Design Perspectives: A center for design that’s fitting for a ‘design city’

Ric Peterson pushes design — with ease. He’s justifiably proud of the fact that he can move interior walls almost two stories high at the Center for Architecture & Design, with his index finger. His firm, Suyama Peterson Deguchi, designed the pivoting walls along with the rest of the storefront project.

The moving walls make the center easily adaptable to different uses. You can open up a central conference area to the surrounding storefront space, and to natural light and the views of passers-by on Western Avenue. The walls also can be closed to hold a large private meeting in the middle of the center. One wall is even fitted with tackable panels.

These are hard-working walls. In the open position, the movable walls nest with the immovable ones like three-dimensional puzzle pieces. Somewhere in those walls there are regular-sized door panels, ready to let people in and out.

The center opened at the beginning of last year, housing four formally separate nonprofits in one place. AIA Seattle, the local chapter of the professional organization for architects, moved from its long-time home on First Avenue to the Western Avenue location, between Spring and Madison streets.

The large storefront space is actually a tight fit for AIA Seattle, along with the AIA Washington Council (which lobbies at the state level), the Seattle Architecture Foundation, and Design in Public.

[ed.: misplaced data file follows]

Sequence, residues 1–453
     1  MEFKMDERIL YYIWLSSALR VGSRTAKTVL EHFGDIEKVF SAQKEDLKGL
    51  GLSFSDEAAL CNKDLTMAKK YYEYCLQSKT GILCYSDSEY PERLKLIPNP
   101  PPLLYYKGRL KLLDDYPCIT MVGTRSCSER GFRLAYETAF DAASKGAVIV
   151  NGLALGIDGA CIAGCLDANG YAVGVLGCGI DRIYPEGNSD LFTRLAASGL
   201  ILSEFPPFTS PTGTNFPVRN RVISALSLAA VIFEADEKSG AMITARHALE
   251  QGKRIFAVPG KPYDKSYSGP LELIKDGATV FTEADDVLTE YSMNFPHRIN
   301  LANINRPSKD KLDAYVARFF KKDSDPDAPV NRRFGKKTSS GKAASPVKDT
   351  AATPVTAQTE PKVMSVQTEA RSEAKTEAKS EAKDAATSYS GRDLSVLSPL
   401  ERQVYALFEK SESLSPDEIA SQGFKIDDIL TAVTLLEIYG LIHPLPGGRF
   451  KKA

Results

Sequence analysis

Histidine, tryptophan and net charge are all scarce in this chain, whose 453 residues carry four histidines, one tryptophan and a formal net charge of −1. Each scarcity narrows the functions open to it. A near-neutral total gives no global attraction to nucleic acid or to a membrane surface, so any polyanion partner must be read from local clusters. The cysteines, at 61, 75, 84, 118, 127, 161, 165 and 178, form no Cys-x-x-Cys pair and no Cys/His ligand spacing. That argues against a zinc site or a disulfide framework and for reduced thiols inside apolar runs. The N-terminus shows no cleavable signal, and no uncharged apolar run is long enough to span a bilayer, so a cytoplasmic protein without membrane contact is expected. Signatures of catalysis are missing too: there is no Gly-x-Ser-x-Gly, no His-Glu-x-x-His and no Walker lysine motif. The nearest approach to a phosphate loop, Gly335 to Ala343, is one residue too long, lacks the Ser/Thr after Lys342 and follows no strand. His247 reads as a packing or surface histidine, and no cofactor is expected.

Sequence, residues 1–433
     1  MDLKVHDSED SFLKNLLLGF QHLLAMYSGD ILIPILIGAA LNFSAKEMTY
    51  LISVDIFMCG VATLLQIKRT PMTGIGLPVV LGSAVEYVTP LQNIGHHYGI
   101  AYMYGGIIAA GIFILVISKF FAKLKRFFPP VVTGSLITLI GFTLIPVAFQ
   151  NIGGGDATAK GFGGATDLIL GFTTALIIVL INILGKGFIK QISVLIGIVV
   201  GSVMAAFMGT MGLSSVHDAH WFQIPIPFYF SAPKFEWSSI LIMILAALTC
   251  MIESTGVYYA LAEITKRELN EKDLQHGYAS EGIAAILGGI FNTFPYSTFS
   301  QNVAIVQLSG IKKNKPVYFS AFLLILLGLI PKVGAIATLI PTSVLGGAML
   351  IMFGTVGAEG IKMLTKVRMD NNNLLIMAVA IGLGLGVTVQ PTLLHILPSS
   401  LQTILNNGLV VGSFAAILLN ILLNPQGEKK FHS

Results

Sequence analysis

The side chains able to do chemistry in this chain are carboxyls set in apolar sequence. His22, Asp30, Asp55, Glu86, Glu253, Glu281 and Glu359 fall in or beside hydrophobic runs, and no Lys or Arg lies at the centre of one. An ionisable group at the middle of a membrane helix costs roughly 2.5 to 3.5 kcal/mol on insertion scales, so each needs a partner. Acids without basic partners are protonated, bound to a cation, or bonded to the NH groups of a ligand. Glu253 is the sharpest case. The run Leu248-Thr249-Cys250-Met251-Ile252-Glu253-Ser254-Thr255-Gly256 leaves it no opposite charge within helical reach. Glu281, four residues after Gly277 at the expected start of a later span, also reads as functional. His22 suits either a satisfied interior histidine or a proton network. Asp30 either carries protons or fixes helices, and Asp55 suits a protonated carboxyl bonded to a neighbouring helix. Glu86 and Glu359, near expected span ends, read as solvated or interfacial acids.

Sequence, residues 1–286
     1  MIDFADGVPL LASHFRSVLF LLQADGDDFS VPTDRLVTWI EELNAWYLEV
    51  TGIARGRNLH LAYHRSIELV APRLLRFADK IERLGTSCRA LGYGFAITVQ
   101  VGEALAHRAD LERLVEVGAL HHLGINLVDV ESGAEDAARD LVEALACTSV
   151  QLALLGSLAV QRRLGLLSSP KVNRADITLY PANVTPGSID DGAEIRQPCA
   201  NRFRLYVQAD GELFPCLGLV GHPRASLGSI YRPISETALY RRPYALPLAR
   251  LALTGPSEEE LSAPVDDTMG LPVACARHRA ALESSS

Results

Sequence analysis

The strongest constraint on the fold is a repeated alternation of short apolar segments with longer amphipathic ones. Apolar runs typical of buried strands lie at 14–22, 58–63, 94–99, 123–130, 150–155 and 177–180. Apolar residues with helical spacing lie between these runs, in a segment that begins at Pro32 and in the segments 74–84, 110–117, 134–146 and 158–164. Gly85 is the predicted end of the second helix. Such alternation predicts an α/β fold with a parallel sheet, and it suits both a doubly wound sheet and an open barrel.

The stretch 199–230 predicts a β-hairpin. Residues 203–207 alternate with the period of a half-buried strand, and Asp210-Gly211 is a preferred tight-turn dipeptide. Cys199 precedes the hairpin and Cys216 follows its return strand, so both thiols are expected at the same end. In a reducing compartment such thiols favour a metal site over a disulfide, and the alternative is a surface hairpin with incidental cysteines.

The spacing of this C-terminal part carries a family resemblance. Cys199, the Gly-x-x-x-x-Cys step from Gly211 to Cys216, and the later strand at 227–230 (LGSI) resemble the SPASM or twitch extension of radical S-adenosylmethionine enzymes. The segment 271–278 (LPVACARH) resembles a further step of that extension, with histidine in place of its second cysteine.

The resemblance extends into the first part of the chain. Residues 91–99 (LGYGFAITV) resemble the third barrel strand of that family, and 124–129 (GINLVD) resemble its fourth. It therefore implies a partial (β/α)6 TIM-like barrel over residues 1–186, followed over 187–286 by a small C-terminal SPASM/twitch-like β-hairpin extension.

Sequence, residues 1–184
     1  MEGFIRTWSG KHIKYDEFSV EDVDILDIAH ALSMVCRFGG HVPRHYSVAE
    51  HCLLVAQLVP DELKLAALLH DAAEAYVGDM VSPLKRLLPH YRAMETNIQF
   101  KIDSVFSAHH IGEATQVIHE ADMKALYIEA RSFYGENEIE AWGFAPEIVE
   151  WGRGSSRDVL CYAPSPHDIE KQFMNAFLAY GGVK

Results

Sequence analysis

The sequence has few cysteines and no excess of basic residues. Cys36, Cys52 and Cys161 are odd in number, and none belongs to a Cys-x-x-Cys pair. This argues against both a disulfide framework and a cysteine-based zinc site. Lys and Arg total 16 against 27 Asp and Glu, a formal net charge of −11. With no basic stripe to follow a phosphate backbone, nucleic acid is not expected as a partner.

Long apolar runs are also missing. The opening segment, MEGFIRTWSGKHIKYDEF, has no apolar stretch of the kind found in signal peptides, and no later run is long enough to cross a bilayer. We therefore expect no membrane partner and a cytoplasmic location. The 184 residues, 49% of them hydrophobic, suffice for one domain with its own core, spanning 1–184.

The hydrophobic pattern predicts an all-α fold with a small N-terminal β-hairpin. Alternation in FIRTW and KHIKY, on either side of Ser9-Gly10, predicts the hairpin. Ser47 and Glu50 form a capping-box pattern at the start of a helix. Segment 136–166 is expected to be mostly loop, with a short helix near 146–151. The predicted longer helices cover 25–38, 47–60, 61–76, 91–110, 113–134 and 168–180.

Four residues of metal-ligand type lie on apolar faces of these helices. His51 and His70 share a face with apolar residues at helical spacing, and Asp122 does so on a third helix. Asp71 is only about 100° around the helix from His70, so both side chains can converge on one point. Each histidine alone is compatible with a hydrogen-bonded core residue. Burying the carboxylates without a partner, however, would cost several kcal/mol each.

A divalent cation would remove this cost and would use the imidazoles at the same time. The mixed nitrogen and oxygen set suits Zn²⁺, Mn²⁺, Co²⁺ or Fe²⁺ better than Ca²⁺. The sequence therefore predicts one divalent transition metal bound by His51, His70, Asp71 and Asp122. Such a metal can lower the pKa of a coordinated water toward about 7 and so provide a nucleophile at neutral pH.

In addition to the “cube” — the conference and event space in the center — there is an open entry that also serves as a gallery. A reception desk and smaller conference room are along one side. An un-movable gallery wall separates the galleries and meeting areas from the office areas in the back. It’s an open office for the staff of all four organizations, with interior and exterior windows looking out on Post Alley.

For AIA Seattle, moving from its long-time home on First Avenue was a risk, but it also had a kind of inevitability, according to AIA Seattle Director Lisa Richmond. The lease on the small space was up, the board was keen to take advantage of the chance to consolidate with sister organizations in a larger space. At the new location, the staff looks forward to the redevelopment of the nearby Seattle waterfront, after the Alaskan Way Viaduct is removed.

Does it all work? Better than anyone expected, said Richmond. Hundreds of people come here for openings and other special events, some with colorful, interactive displays designed for young people.

“The space contributes to everything,” she said. “There’s so much interaction.”

Richmond wants the rest of the world to know that Seattle is a “design city,” on par with other international places, and the new center is meant to foster that. In the year since it has opened, education and public programs have thrived, she said.

The design firm, Suyama Peterson Deguchi, is best known for poetically modern houses in beautiful, natural settings. It also specializes in art galleries, office space, restaurants and retail. In the last two decades, it has garnered top honors in many award programs.